Jay-Z's TIDAL wave won’t lead to better streaming
No one pays for music anymore. Do you pay for music? Because I don’t, and neither should you.
This is why TIDAL, a new subscription-based streaming service, is as perplexing as it is pompous.
According to the New York Times, Jay Z acquired TIDAL’s parent company, Aspiro, back in March for a whopping $56 million. If I were Jay’s financial adviser, I would have quickly repented and reapplied for my CPA license.
The hyper-calculated social media storm that ensued following the acquisition was almost nauseating. Suddenly, Jay Z and crew had made their Twitter avatars blue. Mega stars from Arcade Fire to Kanye West to Coldplay began using the hashtag #TIDALforALL. Even stream-enemy and sales king Taylor Swift chimed in with support for the platform.
In May, Nicki Minaj released the highly anticipated video for “Feeling Myself,” featuring Mrs. Carter-Knowles herself, exclusively on TIDAL. With a Broad City-inspired color palette and a pool playette aesthetic, it was millennial pandering at its least subtle.
It’s easy to be fooled by TIDAL. It promises untethered access to the highest-selling musicians in the game, its aqua and charcoal website has a sleek and modern feel and it uses words such as “lossless” and “HiFi” to describe its auditory experience. Many of the artists involved have pledged to release content solely on TIDAL, making teenage Tumblr bloggers scramble to torrent clients in fear.
But this is to no avail. One thing TIDAL undeniably excels at is exclusivity. Whoever runs content over there should really look into a more lucrative career at Universal Pictures.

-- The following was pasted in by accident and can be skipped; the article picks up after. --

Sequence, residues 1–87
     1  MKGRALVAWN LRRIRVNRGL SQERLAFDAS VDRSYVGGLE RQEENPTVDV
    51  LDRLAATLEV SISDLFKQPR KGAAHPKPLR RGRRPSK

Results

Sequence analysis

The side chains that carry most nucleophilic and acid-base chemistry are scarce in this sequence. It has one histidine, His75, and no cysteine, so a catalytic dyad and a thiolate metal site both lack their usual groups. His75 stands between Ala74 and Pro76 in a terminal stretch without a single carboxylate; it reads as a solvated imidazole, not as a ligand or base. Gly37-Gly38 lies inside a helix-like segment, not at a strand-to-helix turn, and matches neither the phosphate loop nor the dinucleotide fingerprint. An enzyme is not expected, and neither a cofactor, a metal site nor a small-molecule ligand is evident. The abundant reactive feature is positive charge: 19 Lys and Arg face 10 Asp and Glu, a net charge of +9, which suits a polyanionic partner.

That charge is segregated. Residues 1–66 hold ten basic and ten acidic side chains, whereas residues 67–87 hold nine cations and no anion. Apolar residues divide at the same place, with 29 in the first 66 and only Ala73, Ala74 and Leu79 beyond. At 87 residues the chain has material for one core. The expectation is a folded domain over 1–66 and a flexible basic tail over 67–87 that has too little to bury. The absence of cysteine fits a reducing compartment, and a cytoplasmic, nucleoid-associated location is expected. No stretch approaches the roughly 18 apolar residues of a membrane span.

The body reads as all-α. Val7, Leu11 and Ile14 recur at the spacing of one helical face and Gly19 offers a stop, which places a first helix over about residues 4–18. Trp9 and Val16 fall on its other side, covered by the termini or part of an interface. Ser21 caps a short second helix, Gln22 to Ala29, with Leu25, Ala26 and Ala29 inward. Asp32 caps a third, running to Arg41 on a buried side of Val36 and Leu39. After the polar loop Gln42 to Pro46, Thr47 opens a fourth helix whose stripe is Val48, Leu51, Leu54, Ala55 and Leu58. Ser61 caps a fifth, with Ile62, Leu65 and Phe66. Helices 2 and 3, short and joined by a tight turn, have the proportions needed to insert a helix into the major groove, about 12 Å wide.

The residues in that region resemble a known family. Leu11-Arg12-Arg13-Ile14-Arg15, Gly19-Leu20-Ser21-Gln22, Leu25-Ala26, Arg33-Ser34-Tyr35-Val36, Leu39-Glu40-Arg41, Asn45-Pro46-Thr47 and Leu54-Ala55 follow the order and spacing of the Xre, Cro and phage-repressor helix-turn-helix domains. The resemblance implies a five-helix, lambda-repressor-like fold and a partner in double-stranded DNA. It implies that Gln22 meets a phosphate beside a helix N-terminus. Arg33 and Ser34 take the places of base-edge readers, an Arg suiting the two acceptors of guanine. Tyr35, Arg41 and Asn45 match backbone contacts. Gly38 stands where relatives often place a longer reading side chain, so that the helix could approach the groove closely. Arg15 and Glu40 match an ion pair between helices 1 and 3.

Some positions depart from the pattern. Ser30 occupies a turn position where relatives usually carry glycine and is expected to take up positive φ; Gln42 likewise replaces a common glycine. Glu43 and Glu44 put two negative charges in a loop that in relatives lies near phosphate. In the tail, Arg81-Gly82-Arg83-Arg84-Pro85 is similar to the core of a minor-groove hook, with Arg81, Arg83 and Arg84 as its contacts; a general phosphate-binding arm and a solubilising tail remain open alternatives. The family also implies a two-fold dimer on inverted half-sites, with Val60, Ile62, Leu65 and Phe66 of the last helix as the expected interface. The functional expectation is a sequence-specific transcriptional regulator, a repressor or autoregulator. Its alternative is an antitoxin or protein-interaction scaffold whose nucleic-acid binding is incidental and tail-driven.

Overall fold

Three clicks into trying to find a free stream of 1993’s Jurassic Park, and I was staring point-blank into a high definition theater rip of this summer’s Jurassic World. Meanwhile, when “Feeling Myself” was first released, I couldn’t find a single version of the video anywhere on the Internet.
This aggressive approach to protecting intellectual property doesn’t tend to sit well with TIDAL’s heavily courted demographic. Those who complain about hiking tuition prices and plunging wages are not likely to casually drop $120 per year for an experiment in musical elitism. Something about this feels predatory.
Spotify has a look that is just as modern, and you can listen to music on it for free. Apple Music is naturalized onto your iPhone, and it boasts a catalog far more reaching than TIDAL’s.
But the major problem isn’t where other companies go right, it’s where TIDAL goes so wrong.
Its main push is music videos and “high fidelity” audio. If those two things don’t scream outdated to you, then please take the Boy Meets World poster shoved in the bottom of my closet; I think you’d enjoy it.
Videos are fun, but few are likely to pay $10 per month for four minutes of Nicki splashing Beyoncé in the face and laughing about it. Did you say high-fidelity audio? Sorry, I couldn’t hear you over the booming bass of my Beats headphones playing free Spotify.
TIDAL wants us, desperately. But the way to get a second date from us isn’t making us pay for the first 12.
Adam Manno is a contributing writer for the Central Florida Future.